W. African Monetary Zone members discuss single currencyBy TERENCE SESAY in Monrovia | Wednesday, July 11 2012 at 16:44
A Nigerian economics professor has observed that national boundaries between member states of the West African Monetary Zone (WAMZ) are a hindrance to cross-border trade and the Zone’s objectives.
One of the major objectives is the introduction of a single currency for member states of the organisation to be known as the Eco.
According to the local Daily Observer newspaper Wednesday, Prof Akpan H. Ekpo, director-general of the West African Institute for Financial and Economic Management (WAIFEM), told the ongoing WAMZ meetings in Monrovia that despite progress made by technocrats in the sub-region, politicians are still dragging their feet on removing or reducing the check-points at border posts.
“We should not allow our boundaries to divide us,” Prof Ekpo said. He also advised member states to reduce their recurrent expenditures and spend more money on hard capital investments such as roads, infrastructure, power, manufacturing and capacity building.
This, he observed, will help to generate long-term sustainable employment for the economies within the sub-region. He added that WAMZ needs to transcend political boundaries and invest in capital projects that would accrue economic benefits to the people.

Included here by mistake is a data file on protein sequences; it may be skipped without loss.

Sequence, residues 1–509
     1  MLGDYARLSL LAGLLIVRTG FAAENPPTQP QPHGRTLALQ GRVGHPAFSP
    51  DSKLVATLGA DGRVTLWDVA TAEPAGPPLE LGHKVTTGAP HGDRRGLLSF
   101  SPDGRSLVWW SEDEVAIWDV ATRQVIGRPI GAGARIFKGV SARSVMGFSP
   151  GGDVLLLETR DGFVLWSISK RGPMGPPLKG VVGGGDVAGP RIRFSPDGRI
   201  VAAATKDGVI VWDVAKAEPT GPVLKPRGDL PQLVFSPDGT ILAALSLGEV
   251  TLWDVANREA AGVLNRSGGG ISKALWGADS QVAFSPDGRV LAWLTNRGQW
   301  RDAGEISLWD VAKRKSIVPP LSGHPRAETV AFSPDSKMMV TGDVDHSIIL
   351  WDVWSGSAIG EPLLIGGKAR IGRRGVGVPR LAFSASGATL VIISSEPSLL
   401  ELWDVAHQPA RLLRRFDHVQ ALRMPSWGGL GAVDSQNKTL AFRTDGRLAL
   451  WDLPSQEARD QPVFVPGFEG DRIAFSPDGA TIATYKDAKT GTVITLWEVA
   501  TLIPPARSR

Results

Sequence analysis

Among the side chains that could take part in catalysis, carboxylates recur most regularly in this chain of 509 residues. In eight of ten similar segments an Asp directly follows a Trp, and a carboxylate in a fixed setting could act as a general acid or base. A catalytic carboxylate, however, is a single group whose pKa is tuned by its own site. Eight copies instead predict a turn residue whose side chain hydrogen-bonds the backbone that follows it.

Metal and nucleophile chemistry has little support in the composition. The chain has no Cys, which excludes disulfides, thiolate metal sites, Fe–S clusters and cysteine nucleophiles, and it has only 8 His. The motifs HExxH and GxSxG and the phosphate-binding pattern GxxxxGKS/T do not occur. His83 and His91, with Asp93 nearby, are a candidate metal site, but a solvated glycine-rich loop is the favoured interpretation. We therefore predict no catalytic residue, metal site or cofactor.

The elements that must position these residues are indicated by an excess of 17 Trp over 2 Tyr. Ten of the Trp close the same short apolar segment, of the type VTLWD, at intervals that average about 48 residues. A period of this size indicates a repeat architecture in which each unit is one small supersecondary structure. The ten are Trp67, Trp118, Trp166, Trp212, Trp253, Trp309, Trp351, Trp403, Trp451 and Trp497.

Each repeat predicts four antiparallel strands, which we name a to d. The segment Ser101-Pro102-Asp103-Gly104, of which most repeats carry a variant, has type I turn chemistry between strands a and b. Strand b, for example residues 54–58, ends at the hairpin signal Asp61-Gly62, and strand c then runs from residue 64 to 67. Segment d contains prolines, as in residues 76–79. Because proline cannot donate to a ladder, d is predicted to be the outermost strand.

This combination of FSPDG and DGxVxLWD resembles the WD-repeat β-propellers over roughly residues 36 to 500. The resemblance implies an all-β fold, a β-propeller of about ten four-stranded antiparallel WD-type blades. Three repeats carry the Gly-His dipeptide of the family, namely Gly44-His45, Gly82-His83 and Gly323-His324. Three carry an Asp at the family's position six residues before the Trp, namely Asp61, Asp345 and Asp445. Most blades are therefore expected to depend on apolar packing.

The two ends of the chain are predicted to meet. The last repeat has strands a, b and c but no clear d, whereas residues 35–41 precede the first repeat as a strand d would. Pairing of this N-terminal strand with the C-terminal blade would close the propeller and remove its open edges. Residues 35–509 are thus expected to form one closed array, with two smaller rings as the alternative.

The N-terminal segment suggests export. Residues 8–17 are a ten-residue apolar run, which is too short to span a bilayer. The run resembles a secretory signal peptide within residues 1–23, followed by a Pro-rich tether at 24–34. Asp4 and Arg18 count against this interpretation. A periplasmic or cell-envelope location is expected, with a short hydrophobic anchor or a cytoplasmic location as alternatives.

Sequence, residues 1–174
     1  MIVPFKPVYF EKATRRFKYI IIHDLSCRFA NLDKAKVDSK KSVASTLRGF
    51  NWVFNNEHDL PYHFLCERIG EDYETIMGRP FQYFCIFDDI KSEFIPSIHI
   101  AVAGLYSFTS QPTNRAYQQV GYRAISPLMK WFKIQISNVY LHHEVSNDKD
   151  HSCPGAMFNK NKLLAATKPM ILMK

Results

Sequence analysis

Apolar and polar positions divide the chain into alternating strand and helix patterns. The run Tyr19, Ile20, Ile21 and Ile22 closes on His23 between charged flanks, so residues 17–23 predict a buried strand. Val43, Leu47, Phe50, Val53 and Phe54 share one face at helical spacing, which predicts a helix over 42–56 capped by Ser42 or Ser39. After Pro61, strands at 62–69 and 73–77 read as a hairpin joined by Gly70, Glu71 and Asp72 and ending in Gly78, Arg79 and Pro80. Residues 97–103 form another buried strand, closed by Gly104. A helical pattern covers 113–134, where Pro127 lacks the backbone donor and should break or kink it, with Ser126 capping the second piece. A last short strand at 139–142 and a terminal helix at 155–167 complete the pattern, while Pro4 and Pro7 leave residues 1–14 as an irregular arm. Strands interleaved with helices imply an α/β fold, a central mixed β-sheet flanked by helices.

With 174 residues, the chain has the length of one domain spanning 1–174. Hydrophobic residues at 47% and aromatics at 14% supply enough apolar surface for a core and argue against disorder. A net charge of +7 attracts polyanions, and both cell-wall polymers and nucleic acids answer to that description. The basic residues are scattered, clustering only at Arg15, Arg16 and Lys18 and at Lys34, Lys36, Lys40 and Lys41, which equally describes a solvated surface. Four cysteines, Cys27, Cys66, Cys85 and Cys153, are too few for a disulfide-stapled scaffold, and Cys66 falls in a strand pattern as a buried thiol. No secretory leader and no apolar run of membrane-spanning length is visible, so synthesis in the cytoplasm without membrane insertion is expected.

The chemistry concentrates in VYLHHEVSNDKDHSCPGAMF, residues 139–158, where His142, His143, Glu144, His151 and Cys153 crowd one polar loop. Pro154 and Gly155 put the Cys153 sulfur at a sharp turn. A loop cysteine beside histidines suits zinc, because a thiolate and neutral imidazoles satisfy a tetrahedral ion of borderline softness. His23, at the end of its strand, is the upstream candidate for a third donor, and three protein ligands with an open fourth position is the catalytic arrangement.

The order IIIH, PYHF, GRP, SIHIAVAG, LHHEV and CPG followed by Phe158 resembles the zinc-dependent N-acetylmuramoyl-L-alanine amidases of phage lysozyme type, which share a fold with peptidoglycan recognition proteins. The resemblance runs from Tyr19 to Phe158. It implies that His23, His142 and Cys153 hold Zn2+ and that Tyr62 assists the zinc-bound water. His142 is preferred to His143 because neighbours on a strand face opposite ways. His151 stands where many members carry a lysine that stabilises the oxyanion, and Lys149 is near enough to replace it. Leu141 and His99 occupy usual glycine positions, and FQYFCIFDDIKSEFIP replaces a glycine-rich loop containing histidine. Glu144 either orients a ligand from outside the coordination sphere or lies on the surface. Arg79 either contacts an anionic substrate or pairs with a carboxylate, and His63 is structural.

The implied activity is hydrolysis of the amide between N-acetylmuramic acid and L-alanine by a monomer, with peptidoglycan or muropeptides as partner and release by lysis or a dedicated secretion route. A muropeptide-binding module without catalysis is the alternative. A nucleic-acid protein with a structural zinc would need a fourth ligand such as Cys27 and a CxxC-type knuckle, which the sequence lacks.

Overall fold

WAMZ groups together Guinea and the five Anglophone West African countries of Liberia, Sierra Leone, Ghana, Nigeria and The Gambia.
Rival to CFA franc
Finance ministers and central bank governors of the six member countries are currently meeting in Monrovia to discuss how to harmonise their payment systems and fast-track the the introduction of the Eco by 2015.
Prof Akpon reminded the meeting that this can only be achieved if member states muster the political will.
WAIFEM was established on July 22, 1996 by the governors of the central banks of The Gambia, Ghana, Liberia, Nigeria and Sierra Leone.
The institute became operational in January 1997 with a mission to develop on a sustainable basis competencies in the fields of macroeconomic, debt, and financial sector management among staff of the central banks, ministries of Finance and Economic Planning as well as other public sector institutions with core economic management responsibilities.
Nigeria and Liberia have met most of the requirements of WAMZ, but are yet to meet the single digit inflation benchmark.
Prof Ekpo however pointed out that inflation alone should not hold back the introduction of the Eco, the single currency that should unite the community.
Formed in 2000, WAMZ attempts to establish a strong stable currency to rival the CFA franc, whose exchange rate is tied to that of the Euro and is guaranteed by the French Treasury.
The eventual goal is for the CFA franc and Eco to merge, giving all of West and Central Africa a single, stable currency. The launch of the new currency is being developed by the West African Monetary Institute based in Accra, Ghana.
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